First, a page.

On our final evening, we climbed up Pidurangala (my favourite trek of the trip) to watch the sunset. It was the perfect end to my time in Sri Lanka.
During weekends, we used our free time to travel around Sri Lanka.
We spent our first weekend in Habarana exploring the cultural triangle. While there, we visited Dambulla rock temple and the golden Buddha statue, biked around the ancient ruins of Polonnaruwa, went on an elephant safari through Minneriya National Park and, finally, climbed up Sigiriya rock.
We spent our second weekend in Ella. While there we visited tea plantations, strawberry farms, walked up ‘Little Adam’s Peak’ and along the nine-arch bridge (a must see for Harry Potter fans). Swimming in waterfalls was amazing, as was the beautiful 7-hour train ride through the mountains back to Kandy.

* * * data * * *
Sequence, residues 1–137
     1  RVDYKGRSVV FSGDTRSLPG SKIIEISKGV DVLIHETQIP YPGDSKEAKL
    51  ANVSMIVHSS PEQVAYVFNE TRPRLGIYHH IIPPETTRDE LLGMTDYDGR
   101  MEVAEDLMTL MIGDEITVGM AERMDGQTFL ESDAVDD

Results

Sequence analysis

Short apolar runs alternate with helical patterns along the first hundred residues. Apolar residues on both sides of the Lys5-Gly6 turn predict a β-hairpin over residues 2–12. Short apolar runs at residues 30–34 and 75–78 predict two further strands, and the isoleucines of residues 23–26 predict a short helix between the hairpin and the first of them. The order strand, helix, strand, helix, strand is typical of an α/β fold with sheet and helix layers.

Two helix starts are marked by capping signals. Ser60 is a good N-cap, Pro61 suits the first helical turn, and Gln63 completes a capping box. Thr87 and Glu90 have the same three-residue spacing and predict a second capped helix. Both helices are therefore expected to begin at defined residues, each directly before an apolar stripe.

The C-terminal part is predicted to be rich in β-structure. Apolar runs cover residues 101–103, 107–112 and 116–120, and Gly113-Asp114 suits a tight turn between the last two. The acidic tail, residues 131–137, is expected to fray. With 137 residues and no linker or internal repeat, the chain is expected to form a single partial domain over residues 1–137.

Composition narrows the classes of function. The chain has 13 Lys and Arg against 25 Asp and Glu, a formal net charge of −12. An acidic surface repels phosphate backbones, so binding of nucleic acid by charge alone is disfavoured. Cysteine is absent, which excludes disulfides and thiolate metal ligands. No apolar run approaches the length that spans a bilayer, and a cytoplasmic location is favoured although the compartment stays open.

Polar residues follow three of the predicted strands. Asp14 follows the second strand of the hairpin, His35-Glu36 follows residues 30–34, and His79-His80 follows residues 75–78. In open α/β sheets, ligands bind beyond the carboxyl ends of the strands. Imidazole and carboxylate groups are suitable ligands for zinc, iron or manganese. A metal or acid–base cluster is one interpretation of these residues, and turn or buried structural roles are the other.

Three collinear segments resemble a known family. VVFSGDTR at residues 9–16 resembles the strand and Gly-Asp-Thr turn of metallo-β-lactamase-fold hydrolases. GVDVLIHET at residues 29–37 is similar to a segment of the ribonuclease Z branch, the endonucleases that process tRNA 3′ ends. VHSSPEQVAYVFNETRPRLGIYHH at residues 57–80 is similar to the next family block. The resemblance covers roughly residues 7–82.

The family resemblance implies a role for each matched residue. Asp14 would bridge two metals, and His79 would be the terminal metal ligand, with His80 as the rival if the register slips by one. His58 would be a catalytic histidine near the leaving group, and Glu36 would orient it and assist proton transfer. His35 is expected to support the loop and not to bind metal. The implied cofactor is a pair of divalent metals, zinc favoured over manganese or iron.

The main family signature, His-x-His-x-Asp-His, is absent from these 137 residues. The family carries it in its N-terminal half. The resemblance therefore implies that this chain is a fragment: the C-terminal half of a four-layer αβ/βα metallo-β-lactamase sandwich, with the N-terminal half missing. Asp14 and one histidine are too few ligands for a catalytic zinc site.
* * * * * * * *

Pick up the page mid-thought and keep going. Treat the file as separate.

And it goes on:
We headed to Trincomalee on our final weekend. We boated over to Pigeon Island to go snorkelling. The island was a national park with amazing coral reefs and lots of colourful fish.
Seeing the differences in healthcare between a low-resource country and our own really puts things into perspective.
I now realise just how much we take for granted in the UK. The time I spent in Sri Lanka made me more culturally aware, which — as the UK is very diverse — will improve my future practice.
The experience also greatly improved my communication skills and self-confidence, both professionally and personally.
Work the World specialise in tailoring overseas nursing placements in Asia, Africa and Latin America. Their destinations provide eye-opening insight into the challenges associated with delivering healthcare in the developing world.